By Salt Lake Valley Landfill Compost Marketer & Recycling Specialist, Zak Breckenridge
As we mentioned in our last post, compost is awesome! And when you put yard trimmings, leaves, vegetable and fruit scraps, and more in your curbside brown compost container, you’re engaging in one of the best forms of local recycling: Composting.
About 30% of what we put in the trash could be turned into compost, which has a big impact on our community carbon emissions and our landfill space.
But what do you do if you don’t have access to curbside yard waste disposal?
Or, perhaps you prefer to skip the brown bin and make your own nutrient-rich compost for your vegetable, flower gardens, and lawn.
Whatever the case may be, today we’re focusing on at-home composting, which gives you the convenience of fresh compost right at home, plus all of the environmental benefits of putting your kitchen and yard waste to good use.
Of course, there isn’t only one right way to compost. While composting methods share the same basic principles, there are many factors to keep in mind. Read on to learn about the main composting techniques so you can decide what method will work best for you.
by Salt Lake Valley Landfill Compost Marketer & Recycling Specialist, Zak Breckenridge
It’s variably called the “yard waste bin,” the “brown can,” or the “compost container.”
Whatever name you give it, all Salt Lake City Waste & Recycling customers have the familiar brown canand use it to dispose of leaves, yard trimmings, small branches, grass, weeds, and other green waste.
It can also take your fruit and vegetable scraps, eggshells, coffee grounds and filters, and tea bags.
Today we’re taking a deep dive into the brown can. We’re (figuratively, not literally) getting down and dirty not only with what should and shouldn’t go in your bin, but also what happens to all of that “green waste” at its destination?
We all know that putting carrot tops and tomato stems in the compost is somehow better than putting them in the trash, but how do your food scraps and yard waste become a useful and valuable natural product that’s also better for the environment and better for our community?
Summer is here and along with it are the Salt Lake City area Farmers Markets. June 7th and 8th marked the start of another great summer of Farmers Markets with theLiberty Park Farmers Market on Friday night and the Downtown Farmers Marketon Saturday morning. The markets ushered in summer with everything from delicious food trucks to fresh heirloom vegetables to artisan dog cookies!
On Saturday, interns from SLCgreen tabled alongside farmers and vendors including Buzzed Coffee, Raclette Machine, Mamachari Kombucha, Volkers Bakery, and many more. Salt Lake City’s Farmers Market are a great way to support local growers; eat fresh, locally grown food; and to learn about sustainability projects in Salt Lake City.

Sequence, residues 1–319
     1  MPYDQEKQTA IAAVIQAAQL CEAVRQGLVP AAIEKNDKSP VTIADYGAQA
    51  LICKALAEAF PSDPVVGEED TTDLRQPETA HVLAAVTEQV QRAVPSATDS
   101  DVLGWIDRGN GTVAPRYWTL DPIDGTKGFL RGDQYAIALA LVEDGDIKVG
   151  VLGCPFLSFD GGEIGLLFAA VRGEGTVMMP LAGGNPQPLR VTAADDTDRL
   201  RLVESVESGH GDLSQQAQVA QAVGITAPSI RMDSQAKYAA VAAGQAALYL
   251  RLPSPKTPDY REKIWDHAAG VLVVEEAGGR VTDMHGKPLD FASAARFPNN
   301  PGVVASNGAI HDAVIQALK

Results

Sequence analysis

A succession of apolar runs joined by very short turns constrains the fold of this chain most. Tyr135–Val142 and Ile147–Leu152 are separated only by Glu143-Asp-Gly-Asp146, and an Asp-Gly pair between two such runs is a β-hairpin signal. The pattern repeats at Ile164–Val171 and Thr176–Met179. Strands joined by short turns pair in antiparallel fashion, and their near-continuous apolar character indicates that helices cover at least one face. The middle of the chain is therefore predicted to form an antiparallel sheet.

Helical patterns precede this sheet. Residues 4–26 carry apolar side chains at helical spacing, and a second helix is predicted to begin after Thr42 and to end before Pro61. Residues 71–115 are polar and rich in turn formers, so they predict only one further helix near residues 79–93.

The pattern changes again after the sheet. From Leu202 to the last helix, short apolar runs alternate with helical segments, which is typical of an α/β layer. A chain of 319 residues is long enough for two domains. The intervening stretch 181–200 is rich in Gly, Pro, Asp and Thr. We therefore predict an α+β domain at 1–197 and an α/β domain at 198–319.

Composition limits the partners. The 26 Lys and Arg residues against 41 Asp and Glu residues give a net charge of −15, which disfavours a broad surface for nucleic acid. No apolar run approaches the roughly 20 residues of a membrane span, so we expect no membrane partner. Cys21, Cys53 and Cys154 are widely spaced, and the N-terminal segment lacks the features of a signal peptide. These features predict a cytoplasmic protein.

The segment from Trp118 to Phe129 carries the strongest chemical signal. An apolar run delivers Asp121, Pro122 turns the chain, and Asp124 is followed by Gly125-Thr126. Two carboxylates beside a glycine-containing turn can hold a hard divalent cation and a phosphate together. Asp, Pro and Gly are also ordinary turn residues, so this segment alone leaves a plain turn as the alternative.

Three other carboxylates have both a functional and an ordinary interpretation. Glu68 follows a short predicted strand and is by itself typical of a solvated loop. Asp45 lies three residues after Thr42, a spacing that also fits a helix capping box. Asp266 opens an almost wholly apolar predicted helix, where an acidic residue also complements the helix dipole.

Support Farmers Markets
Salt Lake City supports community-based food production as a means of making fresh, sustainable foods more readily accessible.
Ever wonder how Salt Lake City successfully diverts over 32,000 tons of material annually from the landfill?
It’s a big undertaking– involving operations, education, outreach, and policy. And our amazing staff are at the heart of it!
Today we’re thrilled to announce that one of our own, Mitch Davis, is being recognized nationally for his efforts by Waste360, a recycling trade group serving 90,000 professionals.
The Waste360 “40 Under 40” awards program “recognizes inspiring and innovative professionals under the age of 40 whose work in waste, recycling and organics have made a significant contribution to the industry.“
“This award is a great honor in the waste & recycling industry,” said Lance Allen, Waste & Recycling Division Director. “We are very proud of Mitch and what he brings to our team and community.”
Mitch Davis accepts his Waste360 40 Under 40 award. 2017.
A shoe in the recycling bin? Nope!
Mitch started his career with Salt Lake City as an intern in 2008 while finishing up his degree in Environmental Studies at the University of Utah. His passion for waste diversion and public service has been the driving force behind the success of many of our waste diversion strategies ever since.
When Mitch started with Salt Lake City he wanted to, “make a difference.” Because of his hard work and dedication, he most certainly has achieved that goal! Here’s how: Read more
The Salt Lake City Sustainability Department is delighted to welcome Lance Allen to our team as the new Waste & Recycling Division Director.
He is responsible for overseeing the operations of the City’s sanitation services including curbside refuse; compost and recycling collection; neighborhood cleanup; enforcement and education; and container maintenance programs.
Lance Allen, Salt Lake City’s new Waste & Recycling Director.
He’s also tasked with big-picture goal-setting and implementation. How can Salt Lake City continue to be a leader in sustainability, particularly as it relates to recycling? Are there new or more effective programs, cost-saving measures, or outreach tools can we use? How can waste management help us reach our greenhouse gas reduction goals in the coming decades?
In addition to developing strategic plans and programs, he will manage the roughly 60 staff who keep our sanitation operation humming.
He brings with him a deep-seated knowledge of recycling operations, markets, and management.
Lance previously spent over 29 years in the solid waste and recycling industry, gaining valuable experience through various entry level and executive management positions. Read more